The term provision is used to describe a definable element in a piece of legislation that has legislative effect – such as a Part, Chapter or section. A version of a provision is prospective either:
Commencement Orders listed in the ‘Changes to Legislation’ box as not yet applied may bring this prospective version into force.
There are outstanding changes not yet made by the legislation.gov.uk editorial team to Education Act 2011. Any changes that have already been made by the team appear in the content and are referenced with annotations.
Changes and effects yet to be applied by the editorial team are only applicable when viewing the latest version or prospective version of legislation. They are therefore not accessible when viewing legislation as at a specific point in time. To view the ‘Changes to Legislation’ information for this provision return to the latest version view using the options provided in the ‘What Version’ box above.
This section lists the commencement orders yet to be applied to the whole Act. These effects are included in this view as they may be (but won’t necessarily be) relevant to the specific provision that you are viewing. Where applicable the commencement orders are listed under two headings, firstly those that bring some part of the Act you are viewing into force and secondly, those that bring into force legislation that affects some part of the legislation you are viewing. If you are viewing a prospective version or there is a prospective version available there may be commencement orders listed here that are relevant to the provision you are viewing.
After Schedule 11A to EA 2002 (inserted by section 8), insert—
1(1)This Schedule makes supplementary provision relating to an offence under section 141G (breach of reporting restrictions relating to alleged offences committed by teachers).
(2)The purpose of this Schedule is to comply with Directive 2000/31/EC of the European Parliament and of the Council of 8 June 2000 on certain legal aspects of information society services, in particular electronic commerce, in the Internal Market (“the E-Commerce Directive”).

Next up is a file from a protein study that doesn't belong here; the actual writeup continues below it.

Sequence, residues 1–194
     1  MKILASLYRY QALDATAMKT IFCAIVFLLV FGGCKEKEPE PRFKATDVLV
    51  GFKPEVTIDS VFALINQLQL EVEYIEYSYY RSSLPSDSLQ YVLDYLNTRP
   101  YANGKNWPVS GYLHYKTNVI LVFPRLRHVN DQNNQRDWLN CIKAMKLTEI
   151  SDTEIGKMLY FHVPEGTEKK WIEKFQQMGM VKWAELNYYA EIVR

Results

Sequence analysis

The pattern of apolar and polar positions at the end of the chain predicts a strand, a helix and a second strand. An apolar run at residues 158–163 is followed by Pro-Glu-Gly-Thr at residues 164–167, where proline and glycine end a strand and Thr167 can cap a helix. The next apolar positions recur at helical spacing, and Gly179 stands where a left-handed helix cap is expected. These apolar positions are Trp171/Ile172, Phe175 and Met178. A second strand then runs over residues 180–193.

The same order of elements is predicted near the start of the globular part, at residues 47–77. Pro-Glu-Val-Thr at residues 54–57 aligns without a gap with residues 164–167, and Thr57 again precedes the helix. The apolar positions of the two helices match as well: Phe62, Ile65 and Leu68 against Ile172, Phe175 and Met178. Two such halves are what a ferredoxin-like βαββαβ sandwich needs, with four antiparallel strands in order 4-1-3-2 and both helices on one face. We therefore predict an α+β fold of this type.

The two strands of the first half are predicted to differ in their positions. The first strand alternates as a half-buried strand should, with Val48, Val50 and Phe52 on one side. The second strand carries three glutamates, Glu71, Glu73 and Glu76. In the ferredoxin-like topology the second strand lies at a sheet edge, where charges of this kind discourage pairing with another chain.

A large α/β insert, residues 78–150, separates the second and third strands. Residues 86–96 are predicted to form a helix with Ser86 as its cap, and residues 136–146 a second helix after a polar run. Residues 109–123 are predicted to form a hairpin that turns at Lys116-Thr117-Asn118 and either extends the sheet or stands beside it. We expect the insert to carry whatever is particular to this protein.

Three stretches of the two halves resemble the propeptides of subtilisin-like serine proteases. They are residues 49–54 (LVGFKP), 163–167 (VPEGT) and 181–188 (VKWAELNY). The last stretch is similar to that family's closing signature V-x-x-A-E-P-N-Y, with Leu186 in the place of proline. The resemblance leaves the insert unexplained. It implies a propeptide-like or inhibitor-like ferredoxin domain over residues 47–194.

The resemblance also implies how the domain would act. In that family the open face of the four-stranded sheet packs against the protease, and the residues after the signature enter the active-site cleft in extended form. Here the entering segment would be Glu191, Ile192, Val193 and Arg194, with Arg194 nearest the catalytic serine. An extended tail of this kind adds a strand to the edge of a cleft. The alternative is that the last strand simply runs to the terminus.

2(1)This paragraph applies where a service provider is established in England and Wales (a “domestic service provider”).
(2)Section 141G applies to a domestic service provider who—
(a)publishes information in breach of section 141F(3) in an EEA state other than the United Kingdom, and
(b)does so in the course of providing information society services,
as it applies to a person who publishes such information in England and Wales.
(3)In such a case—
(a)proceedings for the offence may be taken at any place in England and Wales, and
(b)the offence may for all incidental purposes be treated as having been committed at any such place.
3(1)This paragraph applies where a service provider is established in an EEA state other than the United Kingdom (a “non-UK service provider”).
(2)Proceedings for an offence under section 141G must not be brought against a non-UK service provider in respect of anything done in the course of the provision of information society services.
4(1)A service provider is not guilty of an offence under section 141G in respect of anything done in the course of providing so much of an information society service as consists in—